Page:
“We expanded on the idea for games beyond entertainment,” said GIP’s Senior Manager of Outreach and Training Phaedra Pang, “Games that addressed real world issues. It happens that O-Labs, Health Visuals and SG Enable have something in common: health issues. These would be interesting problems to design a game around.”
According to the GIP’s Programme Director Teo Chor Guan, this was an evolution of a familiar programme in 2008 called the Singapore-MIT Gambit Game Lab. While that programme sent internship-worthy students to the US, the GIP focusses on using local internships and working with the local gaming industry.
Unlike Gambit, the local mentors in the GIP work closely with the students and go beyond giving talks. “I do agree that the industry is emerging, especially on the mobile games side,” said Guan. “We look at up-and-coming companies like Daylight Studios and Lambdamu that gain recognition, and even big publishers like Ubisoft (as mentors).”
“This is so that students can get a sense of what to expect from the real world in expectations, needs and wants.” She added that they come in three times a week to reinforce this. The new mentors in the second GIP include Danien Chee from Cabal Entertainment and Ian Gregory from Witching Hour Studios.
We said before that some greenhorn game designers lack the fundamentals of publishing and marketing their finished products; the GIP solves that with its various entrepreneur workshops with industry partners. Key companies include Marshall Cavendish Online, National Instruments, and Razer.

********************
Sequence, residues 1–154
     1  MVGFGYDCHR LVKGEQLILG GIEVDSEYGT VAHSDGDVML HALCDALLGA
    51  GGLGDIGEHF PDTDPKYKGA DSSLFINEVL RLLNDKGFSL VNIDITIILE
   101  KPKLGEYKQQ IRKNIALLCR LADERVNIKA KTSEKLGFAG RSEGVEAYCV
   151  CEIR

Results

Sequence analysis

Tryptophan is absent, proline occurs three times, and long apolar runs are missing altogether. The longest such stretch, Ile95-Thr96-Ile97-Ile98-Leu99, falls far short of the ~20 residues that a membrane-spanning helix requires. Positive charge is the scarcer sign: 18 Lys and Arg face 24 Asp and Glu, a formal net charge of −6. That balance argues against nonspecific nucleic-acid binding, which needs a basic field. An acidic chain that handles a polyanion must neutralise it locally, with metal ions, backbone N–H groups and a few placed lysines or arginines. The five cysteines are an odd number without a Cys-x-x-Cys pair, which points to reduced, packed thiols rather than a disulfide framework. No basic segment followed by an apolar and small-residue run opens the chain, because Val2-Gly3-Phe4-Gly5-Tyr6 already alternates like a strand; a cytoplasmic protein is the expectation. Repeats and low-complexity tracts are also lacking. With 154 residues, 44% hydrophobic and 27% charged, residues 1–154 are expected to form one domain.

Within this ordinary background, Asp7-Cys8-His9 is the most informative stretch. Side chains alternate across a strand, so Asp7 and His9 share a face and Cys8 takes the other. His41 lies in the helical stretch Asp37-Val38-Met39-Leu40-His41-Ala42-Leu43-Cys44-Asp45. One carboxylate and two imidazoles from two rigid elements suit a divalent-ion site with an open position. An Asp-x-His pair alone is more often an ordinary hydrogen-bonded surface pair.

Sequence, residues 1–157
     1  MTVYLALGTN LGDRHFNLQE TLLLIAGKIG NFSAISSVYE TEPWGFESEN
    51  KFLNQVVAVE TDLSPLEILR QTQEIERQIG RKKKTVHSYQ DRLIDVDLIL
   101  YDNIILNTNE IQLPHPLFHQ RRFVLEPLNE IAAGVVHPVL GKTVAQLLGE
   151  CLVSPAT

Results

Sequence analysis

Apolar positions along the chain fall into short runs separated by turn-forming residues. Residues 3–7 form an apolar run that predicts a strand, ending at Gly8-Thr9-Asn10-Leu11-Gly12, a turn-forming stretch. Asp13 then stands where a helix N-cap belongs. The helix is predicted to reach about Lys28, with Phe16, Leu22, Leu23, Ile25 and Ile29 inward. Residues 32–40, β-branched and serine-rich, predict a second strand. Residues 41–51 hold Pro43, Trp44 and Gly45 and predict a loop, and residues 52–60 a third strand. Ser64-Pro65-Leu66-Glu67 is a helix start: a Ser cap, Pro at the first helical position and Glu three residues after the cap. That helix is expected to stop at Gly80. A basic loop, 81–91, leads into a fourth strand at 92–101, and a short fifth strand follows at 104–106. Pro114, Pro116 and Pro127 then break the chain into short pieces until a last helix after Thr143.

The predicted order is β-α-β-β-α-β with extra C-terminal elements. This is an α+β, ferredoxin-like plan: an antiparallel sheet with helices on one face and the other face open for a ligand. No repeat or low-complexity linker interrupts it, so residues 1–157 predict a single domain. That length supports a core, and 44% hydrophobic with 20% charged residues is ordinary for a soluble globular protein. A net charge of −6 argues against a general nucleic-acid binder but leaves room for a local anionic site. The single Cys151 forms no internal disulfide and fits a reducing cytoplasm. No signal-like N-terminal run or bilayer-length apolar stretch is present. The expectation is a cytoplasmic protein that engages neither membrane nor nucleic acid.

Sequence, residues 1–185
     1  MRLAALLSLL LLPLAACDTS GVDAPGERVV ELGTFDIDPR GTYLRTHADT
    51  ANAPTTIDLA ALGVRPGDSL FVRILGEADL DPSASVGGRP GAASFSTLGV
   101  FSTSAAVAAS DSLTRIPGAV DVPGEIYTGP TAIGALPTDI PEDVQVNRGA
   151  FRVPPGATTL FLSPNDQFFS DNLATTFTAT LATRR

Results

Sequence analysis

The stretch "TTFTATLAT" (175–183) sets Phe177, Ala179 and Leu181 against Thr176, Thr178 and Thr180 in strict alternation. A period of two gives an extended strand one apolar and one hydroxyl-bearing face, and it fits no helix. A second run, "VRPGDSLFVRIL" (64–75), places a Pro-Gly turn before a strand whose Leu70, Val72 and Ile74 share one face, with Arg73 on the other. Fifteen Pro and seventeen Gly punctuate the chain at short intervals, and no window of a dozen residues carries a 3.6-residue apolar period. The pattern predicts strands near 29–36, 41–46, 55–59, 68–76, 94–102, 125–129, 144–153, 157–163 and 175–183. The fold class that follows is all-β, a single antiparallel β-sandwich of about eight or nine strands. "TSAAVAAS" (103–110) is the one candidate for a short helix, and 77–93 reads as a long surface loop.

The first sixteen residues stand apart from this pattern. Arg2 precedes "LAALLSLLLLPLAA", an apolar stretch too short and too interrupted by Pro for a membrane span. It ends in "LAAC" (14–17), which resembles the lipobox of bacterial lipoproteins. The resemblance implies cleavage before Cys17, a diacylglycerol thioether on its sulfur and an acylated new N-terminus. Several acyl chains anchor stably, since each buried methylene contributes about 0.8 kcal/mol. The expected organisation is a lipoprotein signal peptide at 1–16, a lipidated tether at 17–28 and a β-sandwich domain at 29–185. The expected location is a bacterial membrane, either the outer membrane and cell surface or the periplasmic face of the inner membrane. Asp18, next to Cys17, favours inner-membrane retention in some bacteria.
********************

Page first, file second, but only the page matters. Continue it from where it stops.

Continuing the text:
“(They) share their business knowledge and startup experiences with the students,” said Business Developer Tan Chee Ming. “We instill a sense of entrepreneurship in their mind, so that in the future, if they work with other companies, they approach their game and situations with a business mind. They are more value to a company as someone other as a generic worker mindlessly slaving on a number of projects.”
One example of a workshop is an upcoming one on August 1 called “Building a Fan Base”, with higher-ups from DeNA, Inzen Studio, and Lambdamu to share marketing, business and media experience. These include methods on getting press and investor contacts, to knowing how to shape a product to attract venture capitalists and developers, to the point where they give a newbie team money or a high-ranking intellectual property to work on. The GIP organisers also had producers from Ubisoft Singapore to talk about business management and how to manage their portfolio to potential angel investors during the pitching process.